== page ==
Agave are wonderful specimens to include in your San Antonio landscapes. They bring textural interest to your surroundings while providing an evergreen, low maintenance and low water usage plant.  They love the sunshine and the heat it produces, most can even tolerate reflected heat. The biggest needs you need to be concerned about when planting agaves, or other desert specimens for that matter, is soil drainage and proper planting techniques. Lucky for you, we’ve got what you need to know all tucked into this blog.  

Planting Needs for Agave/Desert Specimens

Agave, and all other desert specimens, need EXTREMELY well-drained soil. Sandy, loamy soil is best as this is their native habitats type of soil. Extremely well-draining soil prevents what we call “wet feet” which is what happens when roots are left too long in standing water. “Wet feet” are the kiss of death for agave and other desert specimens.

If you are interested in planting agave in your landscape and you have heavy clay soil (the opposite of sandy, loamy soil), you’ll need to heavily amend your native soil.  Products like lava sand, expanded shale or other sand products will help to give you a soil that drains sufficiently enough for desert specimens to thrive.

Don’t know if your native soil is well-draining? Dig the hole in the area you desire to plant in. Fill up the hole with water and time how long it takes to drain. If you watch is ticking past 20 seconds or longer, you will need to amend the heck out of your soil before attempting to plant. (See berm planting section below for another option.)

Octopus Agave

(Octopus agave, how cool is this?)

Planting Tips for Agaves/Desert Specimens

Removing Agave from Plastic Containers:

  1. Carefully cut the bottom off the plastic pot with a utility knife.
  2. Set the pot in the hole and make a vertical slice through the side of the plastic pot, disturbing as little of the roots as possible. Gently remove the plastic pot from around the agave.
  3. Take a look at the specimen set in the hole from all angles. Gently adjust positioning of agave specimen if needed.
  4. Backfill hole with amended soil. Make sure final soil level in hole is level with surrounding soil.

Removing Agave from Wooden Containers:

  1. Use a rubber mallet and knock the bottom off of the wooden container.
  2. Set the container in the hole and gently knock the sides off of the wooden container, disturbing as little of the roots as possible. Remove the wooden sides from the hole.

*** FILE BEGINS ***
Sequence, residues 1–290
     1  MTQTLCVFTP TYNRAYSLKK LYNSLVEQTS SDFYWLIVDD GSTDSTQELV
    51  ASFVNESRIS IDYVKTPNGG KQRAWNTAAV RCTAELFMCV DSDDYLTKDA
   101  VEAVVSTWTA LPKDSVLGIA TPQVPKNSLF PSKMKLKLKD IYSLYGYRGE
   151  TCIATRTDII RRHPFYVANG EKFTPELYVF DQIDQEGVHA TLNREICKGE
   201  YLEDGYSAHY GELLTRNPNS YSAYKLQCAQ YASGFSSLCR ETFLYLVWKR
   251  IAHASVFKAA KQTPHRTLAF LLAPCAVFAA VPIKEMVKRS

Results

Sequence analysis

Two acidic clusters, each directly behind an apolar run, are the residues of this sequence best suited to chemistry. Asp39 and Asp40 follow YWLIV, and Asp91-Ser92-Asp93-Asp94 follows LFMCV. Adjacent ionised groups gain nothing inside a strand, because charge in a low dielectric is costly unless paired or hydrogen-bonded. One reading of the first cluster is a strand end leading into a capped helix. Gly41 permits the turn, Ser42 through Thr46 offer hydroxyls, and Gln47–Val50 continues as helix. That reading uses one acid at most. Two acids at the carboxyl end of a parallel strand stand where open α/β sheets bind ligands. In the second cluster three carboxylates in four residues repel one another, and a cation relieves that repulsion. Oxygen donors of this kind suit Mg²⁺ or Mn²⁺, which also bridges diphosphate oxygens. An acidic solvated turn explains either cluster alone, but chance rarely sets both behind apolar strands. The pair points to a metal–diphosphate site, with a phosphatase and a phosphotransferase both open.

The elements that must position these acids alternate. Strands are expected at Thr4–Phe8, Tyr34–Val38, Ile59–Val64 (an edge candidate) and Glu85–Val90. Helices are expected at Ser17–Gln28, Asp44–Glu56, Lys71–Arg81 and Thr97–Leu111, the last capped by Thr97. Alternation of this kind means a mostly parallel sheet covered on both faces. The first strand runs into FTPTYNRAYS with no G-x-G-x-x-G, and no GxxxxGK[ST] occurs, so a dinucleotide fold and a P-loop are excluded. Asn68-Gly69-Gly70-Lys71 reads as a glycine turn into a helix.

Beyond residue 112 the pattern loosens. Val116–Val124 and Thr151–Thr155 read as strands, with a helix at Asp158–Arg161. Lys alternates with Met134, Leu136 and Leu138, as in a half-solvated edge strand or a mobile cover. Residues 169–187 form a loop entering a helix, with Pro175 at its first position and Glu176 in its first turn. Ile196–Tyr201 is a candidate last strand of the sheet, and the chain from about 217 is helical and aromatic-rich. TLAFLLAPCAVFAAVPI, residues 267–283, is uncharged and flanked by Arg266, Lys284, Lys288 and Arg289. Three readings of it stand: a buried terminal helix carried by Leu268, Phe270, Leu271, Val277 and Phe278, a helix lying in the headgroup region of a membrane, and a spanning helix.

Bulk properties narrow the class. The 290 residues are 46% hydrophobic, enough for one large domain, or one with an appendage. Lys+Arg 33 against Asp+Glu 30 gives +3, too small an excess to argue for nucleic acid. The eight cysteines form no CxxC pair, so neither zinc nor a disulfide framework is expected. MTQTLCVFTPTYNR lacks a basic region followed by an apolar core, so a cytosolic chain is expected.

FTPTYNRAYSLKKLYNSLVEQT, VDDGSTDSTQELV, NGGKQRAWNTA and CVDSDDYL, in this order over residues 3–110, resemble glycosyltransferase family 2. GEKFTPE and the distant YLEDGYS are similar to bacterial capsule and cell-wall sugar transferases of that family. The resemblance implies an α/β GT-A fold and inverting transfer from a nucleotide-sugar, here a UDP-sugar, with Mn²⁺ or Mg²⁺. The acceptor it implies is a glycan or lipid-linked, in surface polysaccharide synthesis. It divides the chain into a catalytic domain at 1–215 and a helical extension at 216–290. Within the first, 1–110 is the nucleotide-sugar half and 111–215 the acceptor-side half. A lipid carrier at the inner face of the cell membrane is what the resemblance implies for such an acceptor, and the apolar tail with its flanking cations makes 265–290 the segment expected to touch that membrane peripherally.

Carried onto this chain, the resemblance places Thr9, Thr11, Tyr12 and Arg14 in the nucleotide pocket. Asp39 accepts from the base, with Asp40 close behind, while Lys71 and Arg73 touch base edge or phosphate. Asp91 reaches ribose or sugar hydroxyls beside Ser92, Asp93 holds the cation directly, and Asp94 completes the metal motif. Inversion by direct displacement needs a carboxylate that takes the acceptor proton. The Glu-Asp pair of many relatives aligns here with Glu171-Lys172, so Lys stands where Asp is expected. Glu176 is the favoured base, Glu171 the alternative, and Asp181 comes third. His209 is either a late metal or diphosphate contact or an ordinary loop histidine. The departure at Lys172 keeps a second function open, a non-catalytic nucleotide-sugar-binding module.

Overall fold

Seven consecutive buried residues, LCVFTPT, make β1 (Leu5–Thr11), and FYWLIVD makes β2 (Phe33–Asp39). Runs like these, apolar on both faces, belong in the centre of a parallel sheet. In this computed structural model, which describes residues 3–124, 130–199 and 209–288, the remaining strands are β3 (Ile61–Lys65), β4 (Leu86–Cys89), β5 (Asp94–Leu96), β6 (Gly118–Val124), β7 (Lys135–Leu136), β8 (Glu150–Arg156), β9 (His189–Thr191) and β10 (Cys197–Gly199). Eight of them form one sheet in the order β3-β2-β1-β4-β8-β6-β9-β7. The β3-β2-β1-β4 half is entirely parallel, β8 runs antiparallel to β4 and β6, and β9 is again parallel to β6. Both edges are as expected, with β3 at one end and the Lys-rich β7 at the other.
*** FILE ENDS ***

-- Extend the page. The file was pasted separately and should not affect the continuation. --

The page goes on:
Follow steps 3 – 4 from above to finish planting.

Splendida Agave

(Splendida agave)

Berm Planting Agave/Desert Specimens

If you have especially heavy clay soil that prevents adequate draining in your landscape or you can’t dig a hole as deep as the container your agave is in, berm planting is a great alternative. This way the rootball can be elevated above heavy clay soil and instead of new roots getting drowned in waterlogged, ill-draining soil, they can reach down when they need to take up moisture up.

Berm Planting: Remove agave specimen as advised in steps 1- 2 above, according to if your transplant is in a plastic or wooden container.

  1. Dig at least 8″ down into the soil, and still only twice as wide as the rootball.
  2. Set specimen in designated area and build a soil pile (a berm) up around the rootball, being sure to cover the rootball completely.  You should have about ….. wide of a berm created.
  3. Finishing up with some decorative rock or other landscape material could help prevent soil erosion.
Skarkskin agave.

(Another cool one: Sharkskin agave)

Extra Tips for Agave

After planting your agave, plan on watering it every 4-5 days for the next couple of months. Throughout the summer heat you can plan on watering every couple of weeks. During early fall, plan on ceasing regular watering as agaves begin to harden off in preparation for winter. 

Early fall and spring are the best times for planting agave in San Antonio.

Look for agaves that are native to Central Texas, or the Chiuhuahuan Desert, as these will be more cold hardy and be able to survive our occasionally cold winters without protection. 

~The Happy Gardener, Lisa Mulroy